Technology holds great promise for transforming our education system. A few benefits of technology are as follows:
- Instruction can be differentiated more readily; tailoring lessons to students’ academic needs and interests (Cuban, 2012).
- Students can quickly access and compare facts and opinions using a variety of media and resources to suit their learning style.
- While attending to multiple modes of communication during learning and building understanding students develop transliteracy skills (Thomas, 2007).
- Students can collaborate with other students in the classroom or around the world to use various types of media to create knowledge.
- Learning is more flexible, students can learn at their own pace and at varied times and in locations outside the school or on vacation around the world.
Technology use by students without training and guidance also poses several challenges:
- students who are strictly web readers are persistently weak at judging whether information is trustworthy which greatly impedes the development of critical thinking skills (Rich, 2008).
- the face-to-face setting classroom setting guided by a teacher is more conducive to to teaching social skills, morals and ethics; an important and historical purpose of tax-supported schools in a democracy (Cuban, 2012).
- hand-held devices isolate some users from face-to-face human interaction, put more distance between people (Turkle, 2012).
- technology may “connect”people but it leaves some users uncomfortable to be alone with their own thoughts, reducing opportunity for reflecting upon ideas necessary for learning or to change oneself and creating more loneliness among people. (Turkle, 2012).
- there is an ongoing cost for families and schools to maintain internet service and to continually update technology. This may create inequalities that impede learning.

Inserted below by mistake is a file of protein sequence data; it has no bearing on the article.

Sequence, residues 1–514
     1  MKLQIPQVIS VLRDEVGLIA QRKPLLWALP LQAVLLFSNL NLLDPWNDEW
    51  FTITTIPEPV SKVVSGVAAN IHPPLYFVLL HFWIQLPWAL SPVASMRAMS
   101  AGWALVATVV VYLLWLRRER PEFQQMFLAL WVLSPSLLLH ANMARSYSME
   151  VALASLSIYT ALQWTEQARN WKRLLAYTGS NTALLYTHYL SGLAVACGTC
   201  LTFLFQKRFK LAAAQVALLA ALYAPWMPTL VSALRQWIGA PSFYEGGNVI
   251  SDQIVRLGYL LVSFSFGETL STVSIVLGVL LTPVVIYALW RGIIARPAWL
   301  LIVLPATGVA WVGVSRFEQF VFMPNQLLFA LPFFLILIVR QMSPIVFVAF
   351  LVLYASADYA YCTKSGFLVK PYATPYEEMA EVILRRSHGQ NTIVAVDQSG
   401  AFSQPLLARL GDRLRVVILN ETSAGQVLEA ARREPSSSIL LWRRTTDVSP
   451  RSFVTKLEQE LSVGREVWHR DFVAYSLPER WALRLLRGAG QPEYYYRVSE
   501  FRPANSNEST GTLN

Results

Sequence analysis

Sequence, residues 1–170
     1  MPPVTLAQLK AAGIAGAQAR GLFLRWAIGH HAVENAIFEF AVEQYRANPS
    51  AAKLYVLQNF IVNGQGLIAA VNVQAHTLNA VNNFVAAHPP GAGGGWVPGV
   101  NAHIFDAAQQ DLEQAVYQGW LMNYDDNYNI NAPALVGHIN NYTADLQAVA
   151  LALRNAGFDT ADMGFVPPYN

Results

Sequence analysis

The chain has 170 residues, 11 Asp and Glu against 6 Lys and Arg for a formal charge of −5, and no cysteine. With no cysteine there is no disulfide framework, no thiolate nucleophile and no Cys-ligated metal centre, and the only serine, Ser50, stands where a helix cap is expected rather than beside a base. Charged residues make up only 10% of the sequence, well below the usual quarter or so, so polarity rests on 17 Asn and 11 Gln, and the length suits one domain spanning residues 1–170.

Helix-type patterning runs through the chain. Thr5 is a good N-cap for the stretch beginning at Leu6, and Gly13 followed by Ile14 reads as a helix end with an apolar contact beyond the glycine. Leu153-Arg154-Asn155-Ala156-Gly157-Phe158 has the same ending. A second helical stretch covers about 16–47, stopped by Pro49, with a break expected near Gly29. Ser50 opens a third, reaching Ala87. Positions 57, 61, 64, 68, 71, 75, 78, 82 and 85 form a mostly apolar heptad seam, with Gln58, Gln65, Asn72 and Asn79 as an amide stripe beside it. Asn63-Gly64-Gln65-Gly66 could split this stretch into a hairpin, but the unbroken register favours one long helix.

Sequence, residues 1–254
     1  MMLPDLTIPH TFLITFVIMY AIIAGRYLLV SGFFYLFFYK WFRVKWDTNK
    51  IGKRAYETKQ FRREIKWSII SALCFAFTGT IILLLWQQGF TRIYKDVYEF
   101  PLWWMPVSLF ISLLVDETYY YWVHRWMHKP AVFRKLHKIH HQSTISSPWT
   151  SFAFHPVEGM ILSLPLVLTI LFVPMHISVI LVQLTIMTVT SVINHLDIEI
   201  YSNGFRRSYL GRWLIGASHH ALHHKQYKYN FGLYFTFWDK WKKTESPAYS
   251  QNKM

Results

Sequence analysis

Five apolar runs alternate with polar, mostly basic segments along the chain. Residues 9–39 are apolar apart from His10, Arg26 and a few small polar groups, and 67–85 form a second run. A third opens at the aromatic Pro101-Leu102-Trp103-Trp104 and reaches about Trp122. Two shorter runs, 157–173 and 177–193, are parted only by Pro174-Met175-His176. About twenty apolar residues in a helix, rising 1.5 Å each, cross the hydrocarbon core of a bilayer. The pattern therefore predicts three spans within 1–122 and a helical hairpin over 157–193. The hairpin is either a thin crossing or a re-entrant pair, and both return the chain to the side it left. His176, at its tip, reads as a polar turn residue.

Parents and teachers need to appropriately model, guide and monitor student use of technology starting at an early age. As role-models and guides we must carefully leverage the benefits of technology for learning while providing a balanced approach to learning and living. Kids must learn to appreciate being away from screens and enjoying activities such as: being outdoors appreciating the natural world, developing friendships and enjoying a story told by a master story-teller.
Cuban, L.(2012). The technology mistake: Confusing access to information with being educated.Retrieved from http://www.washingtonpost.com/blogs/answer-sheet/post/the-technnology mistake-confusing -access-to-information-with-becoming-educated/2012/06/17/gJQAt8PFkV_blog.html
Rich, M.(2008). Liteacy debate: R U really reading?Retrieved fromhttp://www.nytimes.com/2008/07/27/books/27reading.html?r=2&ex=1217908800&en=b2960ae3b8cce1b2&ei=5070&emc=etal&oref=slogin&
Thomas, S., Joseph, C., Laccetti, J., Mason, B., Mills, S., Perril, S.,&Pullinger, K.(2007). Transliteracy: Crossing divides. First Monday, Vol.12(12). Retrieved fromhttp://www.uic.edu.htbin/cgiwrap/bin/ojs/index.php/fm/article/view/2060/1908
Turkle, S. (2012). The Flight From Conversation. Retrieved from http://www.nytimes.com/2012/04/22/opinion/sunday/the-flight-from-conversation.html?r=0